Use talk to create and sustain closeness

Tend to defer and compromise


Respond with exit/neglect

Place less emphasis on talk

Minimize problems

May use coercive tactics and force their resolutions

Conflict causes more physical and psychological pain

Social Influences on ConflictGender

Social influences on conflict sexual orientation
Social Influences on ConflictSexual Orientation

  • Sexual preference doesn’t seem to be a major influence on how individuals see and deal with conflict.

    • Gays and lesbians appear to have fewer sexual conflicts and to talk more openly about sexual issues than heterosexuals.

    • Gay and lesbian partners have an intragender empathy that creates less conflict.

    • Lesbian couples talk the most about relationships, heterosexual couples the next most, and gay couples the least reflecting gender socialization.

Unproductive conflict patterns
Unproductive Conflict Patterns

  • Early stages

    • The foundation for destructive conflict is established by communication that fails to confirm individuals.

    • Cross-complaining occurs when one person’s complaint is met by a counter-complaint.

    • Negative climates tend to build on themselves.

Unproductive conflict patterns1
Unproductive Conflict Patterns

  • Middle stages

    • Once a negative climate has been set, it is stoked by other unconstructive communication.

    • Kitchensinking occurs when everything except the kitchen sink is thrown into the argument.

      • Focusing on specific issues resolves conflicts constructively.

    • Marked by frequent interruptions that disrupt the flow of talk

Unproductive conflict patterns2
Unproductive Conflict Patterns

  • Later stages

    • Solutions become the focus

      • Each person’s proposals are met with counterproposals.

    • Excessive metacommunication

      • The communication patterns are discussed and never return to the issues.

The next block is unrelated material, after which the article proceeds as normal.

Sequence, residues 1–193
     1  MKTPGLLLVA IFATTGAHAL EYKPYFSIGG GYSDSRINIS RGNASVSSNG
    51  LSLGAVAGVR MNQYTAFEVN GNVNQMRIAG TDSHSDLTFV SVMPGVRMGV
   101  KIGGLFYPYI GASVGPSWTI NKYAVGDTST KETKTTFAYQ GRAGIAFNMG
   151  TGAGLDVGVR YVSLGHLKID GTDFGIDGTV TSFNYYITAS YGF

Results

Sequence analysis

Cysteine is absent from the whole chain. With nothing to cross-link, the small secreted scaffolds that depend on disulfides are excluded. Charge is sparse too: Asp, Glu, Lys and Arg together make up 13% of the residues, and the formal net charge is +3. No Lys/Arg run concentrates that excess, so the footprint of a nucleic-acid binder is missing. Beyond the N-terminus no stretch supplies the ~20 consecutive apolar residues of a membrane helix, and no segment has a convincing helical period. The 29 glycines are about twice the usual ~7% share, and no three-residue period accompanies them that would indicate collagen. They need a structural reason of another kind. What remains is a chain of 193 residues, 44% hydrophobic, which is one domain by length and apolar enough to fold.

• Communication that makes up unproductive conflict reflect egocentrism, dogmatism and are self perpetuating.

    • Unproductive conflict doesn’t involve dual perspective and it seals off awareness of common grounds.





  • Validation of each other

  • Disconfirmation of each other

  • Sensitive listening

  • Poor listening

  • Dual perspective

  • Preoccupation with self

  • Recognize other’s


  • Cross-complaining

  • Seek clarification

  • Hostile mind reading





  • Infrequent interruptions

  • Frequent interruptions

  • Focus on specific issues

  • Everything is thrown in

  • Compromises and contracts

  • Counterproposals

  • Useful metacommunication

  • Excessive metacommunication

  • Summarizing the concerns for both partners

  • Self-summarizing

Guidelines for effective communication during conflict
Guidelines for Effective Communication During Conflict

  • Focus on the overall communication system.

  • Time conflict effectively.

    • Both people should be psychologically present and not rushed.

    • Be flexible.

    • Use bracketing to keep the discussion focused.

  • Aim for win-win conflict.

  • Honor yourself, your partner and the relationship.

  • Show grace when appropriate.

    • Grant forgiveness or put aside our own needs when there is no standard that says we should.




The Other


Honor yourself, the other, the relationship!